The Housing and Neighborhoods Division is comprised of Neighborhood Planning and Block Grant Administration. Their primary focus is
to manage and promote neighborhood revitalization and stabilization efforts by involving residents and other stakeholders in the
Neighborhood Planning staff manages several programs designed to enhance the vitality of the city's neighborhoods. Collectively,
the programs strengthen communities, increase homeownership, promote attractive affordable housing, and reduce blight. One such
program is the Neighborhoods in Bloom (NiB) program, the recipient of the
U. S. Department of Housing and Urban Development
secretary's Opportunity and Empowerment Award. With NiB, staff works with nonprofit groups to buy, rehabilitate and sell vacant
houses for homeownership. Similarly, the program buys vacant lots, builds houses, and sells them for homeownership.
Staff also manages the Neighborhood stabilization Program to buy foreclosed properties to be restored for affordable home ownership
and rental opportunities.
- Affordable Dwelling Units Program
- Affordable Housing Trust Fund
- City Employee Homeownership Program
In addition to managing housing programs, staff provides technical assistance to persons interested in
starting or strengthening civic associations.
Neighborhoods in Bloom
Neighborhoods in Bloom (NIB) is an innovative program that supports the restoration
of Richmond's historic neighborhoods that began in Fall 1999.
The process to select the "Neighborhoods in Bloom" areas was very inclusive and deliberate. City staff developed a set of evaluation
criteria to assess the conditions and potential for revitalization of each of the city's neighborhoods.
Neighborhood condition criteria included the following items.
- the number of vacant properties
- crime statistics
- poverty levels
- home ownership rates
- housing quality
Revitalization potential was evaluated upon the strength of civic associations in the neighborhoods, the existence of redevelopment plans, and market trends.
City staff conducted numerous community meetings to obtain citizen input on the
process and the neighborhoods they would recommend for the Neighborhoods in Bloom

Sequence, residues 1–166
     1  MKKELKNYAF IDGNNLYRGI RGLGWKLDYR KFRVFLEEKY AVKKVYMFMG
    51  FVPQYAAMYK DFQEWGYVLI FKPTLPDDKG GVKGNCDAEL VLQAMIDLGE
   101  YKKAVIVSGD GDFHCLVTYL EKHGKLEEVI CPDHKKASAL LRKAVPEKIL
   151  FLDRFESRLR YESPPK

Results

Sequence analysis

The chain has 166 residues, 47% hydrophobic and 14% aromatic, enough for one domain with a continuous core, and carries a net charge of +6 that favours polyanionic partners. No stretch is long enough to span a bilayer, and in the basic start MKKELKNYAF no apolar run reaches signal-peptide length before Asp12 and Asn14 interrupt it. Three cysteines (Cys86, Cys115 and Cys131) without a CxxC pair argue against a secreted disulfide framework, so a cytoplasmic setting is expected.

program. All of this information - the data, categorizations, and community perspectives
- was provided to three separate groups. These were a group of civic leaders, a
task force of housing providers, and city staff.
Each group independently reviewed the neighborhoods and recommended the finalists.
After their independent evaluation, representatives from the three groups met to
consolidate their decisions into a consensus recommendation to City Council for
approval of the first "Neighborhoods in Bloom" communities.
The initial program premise was, and remains, that a concentrated investment of
resources in a limited impact area can have a substantial impact for a targeted
revitalization area. In Nib, the city works with nonprofit partners who
- Buy vacant houses, rehabilitate them, and sell them for home ownership.
- Buy vacant lots, build houses, and sell them for home ownership.
- Provide homebuyer education classes and counsel potential buyers in determining
affordability and purchase power.
- Provide down payment assistance.
- Assist owner occupants with house repairs and renovations.
In addition to removing blight and increasing home ownership in the city, the
program seeks to instill private sector confidence to invest in rental and for sale.
More NiB program information can be found here.
- John Accordino, George Galster, and Peter Tatian (2005). "The Impacts ofTargeted
Public and Nonprofit Investment on Neighborhood Development." Community Affairs
Office of the Federal Reserve Bank of Richmond. Cindy Elmore and Dan Tatar (2004).
- "Neighborhoods in Bloom Program Cultivates Change in Richmond," Marketwise 2004,
Issue 1. The Federal Reserve Bank of Richmond and the Richmond, Virginia office
of LISC. (2005).
- "Neighborhoods in Bloom Program Spurs Changes in Several Areas of Richmond," The
Richmond Times-Dispatch, July 17, 2005.